KNOCKS POUNDED THE BEDROOM DOOR like basketball-sized hail beating the tin roof overhead.

Roy jerked, jumped and fell flat.

“Billy, Roy,” his mama called through the door too loud and too cheerful like every morning. “Are you up? Breakfast is almost ready.”

“Yes, Ma’am,” his brother answered from faraway. “Coming.”

He opened an eye. Slapped a hand over. As usual, the light overhead was too bright. As usual, his mama and his brother sounded too happy, moved too fast like folks who enjoyed getting up before dawn. Stretched his arms and legs. As usual, they were cramped and sore. Flopped still against the bed. His mama said he was as crotchety and grouchy as his Great-Grandpa Jacob waking up. “Your Great-Grandma Rose wouldn’t even speak to him before ten o’clock in the morning.”

“Shake your brother,” his mama called, her slippers thumping down the hall. She still wore her old blue slippers though he gave her new pink ones with roses above the toes for her birthday. His dad one called her his little squirrel. “Putting away things for later.”

It was just another school weekday morning. Roy spread his fingers. Peeked again at the blinding light. Darn! Billy, wearing a white shirt and blue jeans, knee propped up tying a sneaker, sat on his bed. Of course already made.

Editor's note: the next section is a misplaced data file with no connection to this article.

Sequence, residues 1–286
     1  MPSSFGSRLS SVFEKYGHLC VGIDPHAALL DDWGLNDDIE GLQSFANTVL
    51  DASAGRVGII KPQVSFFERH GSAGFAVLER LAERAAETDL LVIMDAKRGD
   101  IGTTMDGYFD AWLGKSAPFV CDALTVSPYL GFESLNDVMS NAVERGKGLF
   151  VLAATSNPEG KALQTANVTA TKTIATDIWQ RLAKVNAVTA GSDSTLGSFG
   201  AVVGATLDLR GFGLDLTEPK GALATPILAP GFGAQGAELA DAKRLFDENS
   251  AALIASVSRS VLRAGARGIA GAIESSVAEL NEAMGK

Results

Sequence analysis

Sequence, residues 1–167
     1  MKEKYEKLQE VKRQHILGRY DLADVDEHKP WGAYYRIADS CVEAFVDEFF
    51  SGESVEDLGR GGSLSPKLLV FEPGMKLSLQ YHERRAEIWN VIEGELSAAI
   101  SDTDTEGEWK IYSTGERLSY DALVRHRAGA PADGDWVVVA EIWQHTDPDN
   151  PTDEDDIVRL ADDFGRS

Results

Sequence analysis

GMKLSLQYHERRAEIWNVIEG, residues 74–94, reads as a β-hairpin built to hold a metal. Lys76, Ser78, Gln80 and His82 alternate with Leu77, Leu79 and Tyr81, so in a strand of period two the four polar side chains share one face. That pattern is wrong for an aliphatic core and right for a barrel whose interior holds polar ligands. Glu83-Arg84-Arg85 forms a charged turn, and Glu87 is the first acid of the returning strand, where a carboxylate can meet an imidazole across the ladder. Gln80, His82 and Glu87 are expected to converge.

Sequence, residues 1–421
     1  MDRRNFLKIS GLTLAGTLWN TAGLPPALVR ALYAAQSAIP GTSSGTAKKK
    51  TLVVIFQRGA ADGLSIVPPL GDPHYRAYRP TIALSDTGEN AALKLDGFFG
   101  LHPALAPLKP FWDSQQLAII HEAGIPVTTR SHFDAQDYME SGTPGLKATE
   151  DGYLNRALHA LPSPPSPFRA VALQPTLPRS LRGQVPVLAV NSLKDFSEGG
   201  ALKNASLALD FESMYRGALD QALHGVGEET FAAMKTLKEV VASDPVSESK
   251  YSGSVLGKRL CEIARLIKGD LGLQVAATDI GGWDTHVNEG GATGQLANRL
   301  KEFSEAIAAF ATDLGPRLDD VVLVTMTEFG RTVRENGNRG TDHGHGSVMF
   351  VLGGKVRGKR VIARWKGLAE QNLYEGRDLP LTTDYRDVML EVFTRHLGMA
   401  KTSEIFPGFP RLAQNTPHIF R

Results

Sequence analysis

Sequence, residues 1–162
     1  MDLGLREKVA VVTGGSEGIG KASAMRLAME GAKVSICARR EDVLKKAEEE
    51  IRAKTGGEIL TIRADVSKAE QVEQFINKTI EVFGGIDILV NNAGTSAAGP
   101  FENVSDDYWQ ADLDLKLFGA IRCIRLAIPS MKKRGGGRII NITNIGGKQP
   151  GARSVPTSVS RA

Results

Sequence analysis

Rolled toward the wall. Buried his face into his pillow. Wished everybody would leave him alone. Hated getting up. Especially the shaking that rattled his guts.

Once in the first grade, after sneaking three glasses of strawberry Kool-Aid before bed, the morning shaking turned into tickling, and he wet his pants. His mama immediately stopped all liquids after supper. Dosed out a teaspoonful of honey before bed for a week. That was Aunt Dorothy’s cure for everything. He heard her tell his mama she took it for “The Trouble,” whatever that was.

A hand grabbed his shoulder. “Rise and shine, Kid!”

He flipped the pillow over his head.

More shaking. “Get on up!”

He wiggled farther down.

Billy jerked the covers off.

Millions of ice pins and needles pinched his hands, feet, and toes. Sat up, reached down, grabbed the covers, jerked them over his head, and fell back against the bed.

Billy yanked again.

The quilt, blanket, and bedspread came off, but not the sheet knotted in his hands.

“Dammit Kid, get up!”

“No, leave me alone!”  Maybe if I taped the words to the headboard I wouldn’t need to yell them each morning.

The bed bounced. Rocked. Worse than a bucking bronco or a rowboat in a hurricane.

“Okay, stay there. See if I care. But if Dad has to come drag you out, he’s going to be mad. I bet he whips you every step to the breakfast table!”

That was an every morning threat. “You know Dad never whips us.” Well, almost never.

“We’ll see.” His brother’s footsteps faded away.

Under the sheet was white and warm. Roy was safe from school, homework, Wilbur Moore, bad grades. Smiled, hugging himself. Closed his eyes. Wish I could stay here all day, maybe hibernate like a bear.

Then like lightning, he remembered. Friday! The weekend! Saturday morning cartoons! The basketball game! Spending the night at Ralph’s! Threw the sheet off, not caring about the cold. Sat up. Yawned. Wiped his eyes. This was a beautiful, wonderful day. Every Friday was.



About John Northcutt Young

I write. Remember making-up stories from spelling words in the fifth grade. A journalism degree followed. Thanks for looking.
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